September 27 2004


September 27 2004


‘You are off the mark about the worst gadgets. The Flowbee may look stupid, but people are flabbergasted after finding out I cut my own layered hair’ -Mary cordon,Toronto

Inspecting gadgets

I can’t believe you didn’t include the cellphone among your five all-time best gadgets (“A survival guide to gadget world,” Cover, Sept. 6). When my wife and I recently drove from B.C. to Wisconsin, we found ourselves on the side of I-94 outside of tiny Hardin, Mont., with car trouble. I pulled out my cellphone and dialled my mechanic back in B.C. I followed his instructions, but couldn’t get the car to start, so I hung up and phoned the CAA. Within 30 minutes, we were being towed to Hardin and by 11 the next morning we were on the road again. Now tell me how that scenario would have gone without a cellphone? Roger Heckrodt, Enderby, B.C.

Marvellous issue on gadgets. However, it is irresponsible to recommend the handsfree Bluetooth cellphones for the car when we know, from numerous studies, that hands-free cellphones are dangerous because the driver is cognitively engaged in conversation with a person who, unlike a passenger, does not know to stop talking when the driver faces heavy traffic. The use of cellphones while driving, both handheld and hands-free, should be banned and cars with built-in cellphones should be inoperable while driving.

James Geiwitz, Victoria

Why did you show the palmOne on the cover when you could have shown the Canadianmanufactured BlackBerry? Please, promote Canada in any way you can.

Frank Ervin, Rothesay, N.B.

A nine-page story on the newest gizmos and gadgets, many of which will be obsolete within a year or two, sandwiched between a short article on grassroots foreign aid projects and a three-page picture gallery on world tragedies. Isn’t it ironic?

Claire Carlson, Summerland, B.C.

I can’t believe it? In your gadgets package you include a section on “What your kids really, really want” and a section on “What dad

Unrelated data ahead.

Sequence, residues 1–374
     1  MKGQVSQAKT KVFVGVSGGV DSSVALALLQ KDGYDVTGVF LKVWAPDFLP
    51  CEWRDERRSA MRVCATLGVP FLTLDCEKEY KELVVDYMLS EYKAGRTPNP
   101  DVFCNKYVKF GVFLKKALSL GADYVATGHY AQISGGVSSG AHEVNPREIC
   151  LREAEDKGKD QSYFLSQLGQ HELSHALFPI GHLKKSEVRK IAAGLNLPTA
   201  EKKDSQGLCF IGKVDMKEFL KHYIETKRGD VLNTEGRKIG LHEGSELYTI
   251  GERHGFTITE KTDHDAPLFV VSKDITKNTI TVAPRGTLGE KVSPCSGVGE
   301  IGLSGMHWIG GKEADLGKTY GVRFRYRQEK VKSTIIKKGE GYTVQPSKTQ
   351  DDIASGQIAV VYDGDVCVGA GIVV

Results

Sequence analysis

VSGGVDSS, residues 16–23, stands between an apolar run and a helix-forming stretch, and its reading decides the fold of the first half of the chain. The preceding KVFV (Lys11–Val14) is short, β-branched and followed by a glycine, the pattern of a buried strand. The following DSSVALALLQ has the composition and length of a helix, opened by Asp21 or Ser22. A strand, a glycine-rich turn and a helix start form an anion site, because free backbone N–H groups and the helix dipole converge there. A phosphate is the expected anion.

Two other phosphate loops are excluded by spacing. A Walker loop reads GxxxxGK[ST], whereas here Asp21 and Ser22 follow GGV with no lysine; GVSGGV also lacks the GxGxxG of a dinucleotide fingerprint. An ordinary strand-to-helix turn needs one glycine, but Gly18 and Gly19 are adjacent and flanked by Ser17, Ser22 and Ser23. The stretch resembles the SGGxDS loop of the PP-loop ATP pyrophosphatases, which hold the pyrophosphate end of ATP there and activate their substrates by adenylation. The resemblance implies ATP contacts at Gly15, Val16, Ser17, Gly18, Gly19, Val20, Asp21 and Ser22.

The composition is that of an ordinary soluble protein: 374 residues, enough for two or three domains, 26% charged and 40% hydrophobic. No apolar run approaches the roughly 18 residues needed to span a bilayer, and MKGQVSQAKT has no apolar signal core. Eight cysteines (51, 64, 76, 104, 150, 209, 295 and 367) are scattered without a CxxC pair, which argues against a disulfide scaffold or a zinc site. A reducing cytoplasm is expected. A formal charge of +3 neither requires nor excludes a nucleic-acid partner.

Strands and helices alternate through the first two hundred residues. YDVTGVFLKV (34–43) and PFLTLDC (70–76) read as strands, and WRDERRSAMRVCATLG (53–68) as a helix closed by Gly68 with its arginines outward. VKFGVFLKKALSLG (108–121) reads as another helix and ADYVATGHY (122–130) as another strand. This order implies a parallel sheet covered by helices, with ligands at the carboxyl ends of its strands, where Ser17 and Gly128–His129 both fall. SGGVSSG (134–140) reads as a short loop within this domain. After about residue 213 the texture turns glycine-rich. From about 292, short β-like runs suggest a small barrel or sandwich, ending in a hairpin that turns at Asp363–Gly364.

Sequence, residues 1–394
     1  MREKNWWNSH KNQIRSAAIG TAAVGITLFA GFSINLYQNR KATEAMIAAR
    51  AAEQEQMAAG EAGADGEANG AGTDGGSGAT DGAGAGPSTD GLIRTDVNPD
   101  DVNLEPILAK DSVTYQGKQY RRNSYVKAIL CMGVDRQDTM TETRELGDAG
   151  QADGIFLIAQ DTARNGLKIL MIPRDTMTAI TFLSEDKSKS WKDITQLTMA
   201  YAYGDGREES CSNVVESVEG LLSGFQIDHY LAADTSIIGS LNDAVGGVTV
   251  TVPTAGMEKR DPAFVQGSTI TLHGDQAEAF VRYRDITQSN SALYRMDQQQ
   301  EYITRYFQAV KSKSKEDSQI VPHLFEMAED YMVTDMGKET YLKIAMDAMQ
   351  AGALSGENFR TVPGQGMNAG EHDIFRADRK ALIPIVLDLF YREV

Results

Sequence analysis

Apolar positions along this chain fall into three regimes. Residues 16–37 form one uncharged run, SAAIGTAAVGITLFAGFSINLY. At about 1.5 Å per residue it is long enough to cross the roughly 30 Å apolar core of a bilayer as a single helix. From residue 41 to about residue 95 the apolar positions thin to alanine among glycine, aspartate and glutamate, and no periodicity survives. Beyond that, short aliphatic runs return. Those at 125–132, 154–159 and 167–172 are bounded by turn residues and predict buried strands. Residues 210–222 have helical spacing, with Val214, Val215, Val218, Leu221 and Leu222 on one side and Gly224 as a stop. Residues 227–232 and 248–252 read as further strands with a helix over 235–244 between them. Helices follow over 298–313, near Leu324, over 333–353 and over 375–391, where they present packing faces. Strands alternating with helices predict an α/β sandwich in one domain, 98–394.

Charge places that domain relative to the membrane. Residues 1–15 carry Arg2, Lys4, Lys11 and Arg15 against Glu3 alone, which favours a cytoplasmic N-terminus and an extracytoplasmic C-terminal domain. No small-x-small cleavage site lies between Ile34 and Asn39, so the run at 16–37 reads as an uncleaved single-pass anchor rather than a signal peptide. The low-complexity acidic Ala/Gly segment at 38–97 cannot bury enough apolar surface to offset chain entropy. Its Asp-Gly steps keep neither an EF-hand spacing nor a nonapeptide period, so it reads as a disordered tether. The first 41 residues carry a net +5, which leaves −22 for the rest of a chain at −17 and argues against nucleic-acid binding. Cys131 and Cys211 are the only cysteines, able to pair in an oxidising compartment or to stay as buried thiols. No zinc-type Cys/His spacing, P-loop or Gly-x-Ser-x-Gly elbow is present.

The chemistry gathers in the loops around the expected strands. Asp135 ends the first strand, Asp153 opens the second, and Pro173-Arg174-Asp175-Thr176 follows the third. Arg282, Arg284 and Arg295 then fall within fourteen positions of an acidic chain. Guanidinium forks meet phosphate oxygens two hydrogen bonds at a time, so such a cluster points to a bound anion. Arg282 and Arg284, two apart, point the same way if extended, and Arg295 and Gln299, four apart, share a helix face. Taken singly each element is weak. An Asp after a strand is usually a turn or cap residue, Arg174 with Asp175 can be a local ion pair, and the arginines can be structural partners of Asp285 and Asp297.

Mi t~1 !;T it

As part of the Sept. 6 cover story, we picked five best and five worst gadgets of ail time, then threw the question to you. And you caught it with enthusiasm. Judging by the online votes, there’s a fine line between indispensable and insufferable. “The worst gadget ever invented is the BlackBerry,” writes Dave Marsden of Toronto. “I cannot take a vacation without constantly being interrupted-and responses are expected,” Similar sentiments surround the ceilphone. “Ninety per cent of calls are unnecessary,” says Richard Vallee of Vancouver, “and for the other 10 per cent, reception craps out.” Other gizmos singled out for jeers: the smokeless ashtray and the electric can opener. As for best picks, laptops rule, along with the light bulb and the carrot peeler. Then there’s Calgary’s Wally MacNaughton, who writes,

“As a kid, we had a Fiiterqueen vacuum cleaner that had an attachment for sucking dandruff out of hair.” Alas, he didn’t specify if that made it a winner or a loser.

really, really wants.” So I was looking forward to the section on “What mom really, really wants.” But there was nothing. What happened to mothers? Don’t we exist? Or maybe

you think that we aren’t interested in electronic gadgets? Get real.

Wendy Bergerud, Victoria

Anti-Bush appeal

In his essay about the Republican National Convention, Andrew Potter does not explain why so many people’s hearts were in the protests against George W. Bush (“Give Dubya a hand—get violent,” Essay, Aug. 30). It has nothing to do with leftists or dropouts. I am a middle-aged, middle-class, middleof-the-road woman but, like many others, I am appalled at the world I see. We do not like a world in which corporations can deny medicine to the sick, take ownership of resources such as water or move jobs to countries because workers there are not protected. We do not like it when human rights are abrogated or when torture is condoned simply because it takes place on someone else’s soil. We do not like it when governments try to impose “freedom” by force—and few see the contradiction. Bush proudly stands for all of these things. That is why we must oppose him.

Joyce Bruhn de Garavito, London, Ont.

Andrew Potter uses warped logic to come to some ridiculously extreme conclusions. Potter writes that because Ralph Nader gave American voters a different choice in 2000, he has “a lot of Iraqi and American blood on his hands”? Come on—it was Nader who said of the Bush-Gore choice, “If you choose the lesser of two evils, you are still choosing evil.” Mary Butterfield, Edmonton